Our analysts see tentative signs that companies’ cost pressures may soon ease, but the pressure on central banks will nevertheless remain high.
Expectations around input cost rises have begun to moderate, according to Fidelity International’s latest analyst survey. On average, our 161 analysts surveyed worldwide expect both labour and non-labour costs will increase over the next six months, but to a lesser degree than in previous months, suggesting that inflationary pressures may be starting to ease.
The weighted average of analysts’ non-labour cost expectations fell last month in every sector except healthcare. Within certain sectors, there are even expectations of falling costs: a small proportion of analysts looking at materials and information technology companies expect a moderate decrease in non-labour costs over the next six months.
Any sign of easing costs would be embraced by economies which have faced 18 months of consecutive price increases, with cost bases now much higher than they were pre-pandemic. It would also give central banks some wiggle room when setting monetary policy. Even if inflationary pressures do abate, however, a weak global growth outlook means stagflation remains a realistic prospect.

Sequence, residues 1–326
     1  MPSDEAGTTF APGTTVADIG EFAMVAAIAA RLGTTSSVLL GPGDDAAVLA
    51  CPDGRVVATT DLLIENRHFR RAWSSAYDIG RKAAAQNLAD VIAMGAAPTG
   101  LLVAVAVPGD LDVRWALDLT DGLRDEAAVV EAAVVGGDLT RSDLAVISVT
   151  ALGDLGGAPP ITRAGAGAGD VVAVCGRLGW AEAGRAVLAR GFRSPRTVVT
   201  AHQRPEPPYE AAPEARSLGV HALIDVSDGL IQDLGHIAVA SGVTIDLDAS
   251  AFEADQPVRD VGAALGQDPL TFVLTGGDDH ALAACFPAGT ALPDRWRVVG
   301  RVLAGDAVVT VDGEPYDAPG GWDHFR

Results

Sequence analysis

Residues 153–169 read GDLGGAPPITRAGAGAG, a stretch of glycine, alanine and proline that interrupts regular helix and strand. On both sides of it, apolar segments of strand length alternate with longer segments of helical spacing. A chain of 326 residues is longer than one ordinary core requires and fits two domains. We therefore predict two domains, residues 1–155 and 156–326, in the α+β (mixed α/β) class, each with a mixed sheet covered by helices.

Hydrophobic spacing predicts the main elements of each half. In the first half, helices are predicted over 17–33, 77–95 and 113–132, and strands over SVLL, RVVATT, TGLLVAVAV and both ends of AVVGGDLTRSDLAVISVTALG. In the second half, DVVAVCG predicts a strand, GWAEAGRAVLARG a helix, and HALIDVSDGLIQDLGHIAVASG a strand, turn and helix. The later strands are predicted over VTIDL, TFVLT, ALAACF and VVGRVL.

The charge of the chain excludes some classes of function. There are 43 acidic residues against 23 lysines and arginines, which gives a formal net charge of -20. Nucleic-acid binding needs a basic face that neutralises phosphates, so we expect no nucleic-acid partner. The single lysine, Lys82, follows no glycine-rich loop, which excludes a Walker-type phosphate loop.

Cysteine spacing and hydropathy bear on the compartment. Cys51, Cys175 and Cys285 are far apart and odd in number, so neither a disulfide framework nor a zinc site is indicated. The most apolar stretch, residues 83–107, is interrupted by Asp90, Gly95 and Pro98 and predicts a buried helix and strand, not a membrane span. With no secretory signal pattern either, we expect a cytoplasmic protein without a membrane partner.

Moreover, our survey shows that expectations around labour costs are moderating more slowly than non-labour costs, while the recent positive non-farm payroll figures in the US show labour markets remain tight, increasing the risk of rising wage pressures.